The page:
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Kerberos Print E-mail
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Source: Dave Wreski - Posted by Dave Wreski   
Learn tips and tricks Kerberos is an authentication system developed by the Athena Project at MIT Kerberos is an authentication system developed by the Athena Project at MIT. When a user logs in, Kerberos authenticates that user (using a password), and provides the user with a way to prove her identity to other servers and hosts scattered around the network.

This authentication is then used by programs such as rlogin to allow the user to login to other hosts without a password (in place of the .rhosts file). This authentication method can also used by the mail system in order to guarantee that mail is delivered to the correct person, as well as to guarantee that the sender is who he claims to be.

The overall effect of installing Kerberos and the numerous other programs that go with it is to virtually eliminate the ability of users to "spoof" the system into believing they are someone else. Unfortunately, installing Kerberos is very intrusive, requiring the modification or replacement of numerous standard programs.

How Does Kerberos Actually Work?

Kerberos uses secret-key cryptography to distribute tickets used for authentication of users to network services. The ticket is generated using a password that the user supplies, unequivocally linking it to the user. The services available for use with Kerberos also have tickets, but are not generated using a password. The user presents his ticket given to him by the Kerberos authentication server. The ticket is stored on the authentication server, which is configured to permit the user to access a particular service on a particular server on the network. The server uses this to verify the user's identity, and grants or denies access to a particular network service.

Once the user has requested of the AS the use of a particular service, a session key (a random string of bits) is generated which is used to encrypt future communications between the client and AS. This key and the service name requested are encrypted together using the user's ticket.

Another copy of the random session key generated by the AS and the username are encrypted together using the service's key.

Both keys are then returned to the user. The user decrypts the first message using his ticket and reveals the server name from which he was requesting service and the session key generated by the AS.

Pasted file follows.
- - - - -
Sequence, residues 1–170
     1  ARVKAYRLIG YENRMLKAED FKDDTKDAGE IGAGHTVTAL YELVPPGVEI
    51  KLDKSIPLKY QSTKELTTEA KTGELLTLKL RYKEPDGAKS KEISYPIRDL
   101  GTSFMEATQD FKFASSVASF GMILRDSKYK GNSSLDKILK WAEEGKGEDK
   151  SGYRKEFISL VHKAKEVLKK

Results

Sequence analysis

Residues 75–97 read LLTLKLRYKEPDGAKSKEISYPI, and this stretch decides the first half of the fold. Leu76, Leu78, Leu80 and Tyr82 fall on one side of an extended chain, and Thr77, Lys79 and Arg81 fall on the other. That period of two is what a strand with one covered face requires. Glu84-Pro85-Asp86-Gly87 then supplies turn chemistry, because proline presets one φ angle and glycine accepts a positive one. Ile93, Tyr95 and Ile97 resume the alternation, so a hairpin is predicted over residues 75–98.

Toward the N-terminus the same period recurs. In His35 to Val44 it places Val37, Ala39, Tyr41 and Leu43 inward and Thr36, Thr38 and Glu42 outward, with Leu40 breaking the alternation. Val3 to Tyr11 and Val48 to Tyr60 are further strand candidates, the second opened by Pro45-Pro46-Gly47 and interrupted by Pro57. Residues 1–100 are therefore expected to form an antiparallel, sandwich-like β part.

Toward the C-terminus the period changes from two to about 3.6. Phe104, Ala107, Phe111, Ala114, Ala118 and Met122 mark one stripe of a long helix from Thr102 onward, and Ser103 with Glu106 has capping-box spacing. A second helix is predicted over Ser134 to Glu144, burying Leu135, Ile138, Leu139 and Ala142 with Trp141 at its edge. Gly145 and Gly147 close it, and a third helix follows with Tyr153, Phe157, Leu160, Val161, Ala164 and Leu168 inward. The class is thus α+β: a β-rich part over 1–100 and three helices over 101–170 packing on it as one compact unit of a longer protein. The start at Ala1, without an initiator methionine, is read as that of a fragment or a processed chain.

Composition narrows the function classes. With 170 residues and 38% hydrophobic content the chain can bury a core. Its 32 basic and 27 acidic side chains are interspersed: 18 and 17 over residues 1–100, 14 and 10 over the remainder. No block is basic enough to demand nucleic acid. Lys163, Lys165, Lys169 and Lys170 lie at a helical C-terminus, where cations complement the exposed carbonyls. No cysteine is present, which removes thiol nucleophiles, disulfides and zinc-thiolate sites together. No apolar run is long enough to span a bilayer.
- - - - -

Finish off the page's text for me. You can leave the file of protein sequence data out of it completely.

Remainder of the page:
The second message passed to the user cannot be decrypted because it was encrypted using the service key, which the user does not have.

The user then uses that session key to encrypt a message containing the current time. This message, and the second message still encrypted, are both passed to the service for which the user requests access.

The service opens the first message (the one the client could not open) using its own key, extracting the session key and the user name requesting the use of the service.

The service then opens the second message using the session key from the previous message to extract the message with the timestamp on it. This then serves to authenticate the user. This message may also contain an encryption key that is used to provide privacy in future communications between the user and the service.

Implementing Kerberos

Implementing Kerberos on the client isn't too difficult, however, it's a different story implementing a server. The document The Moron's Guide to Kerberos does a good job of explaining Kerberos in more detail, as well as guiding users and administrators through the process of creating and using the server.

Most distributions include support for Kerberos. Distributions that use PAM are much easier to configure. Applications normally require recompiling to support using Kerberos as the authentication mechanism, but PAM resolves those issues by allowing you to 'plug-in' a Kerberos authentication module.

Kerberos isn't for everyone. Install the client support for your distribution if you require it to connect to a Kerberos server on your network. Install the Kerberos server if you have to support a large number of distributed clients and require the extra authentication.

Generally, using the Secure Shell is a fine alternative for authenticating users before logging into remote machines or transferring files.

More Information

You can find general information on kerberos at The Information Sciences Institute.

The Kerberos FAQ is also a great reference.

Comments
HOW TO SETUP KERBEROS?Written by kerberos remote login on 2007-02-05 22:03:13
is there a package that i need to download for kerberos to work? 
is there a documentation that provides the installation procedures for kerberos remote login to work for pls. help!!! 
 
 
 
send in your answers at my email elbert_danz@yahoo.com

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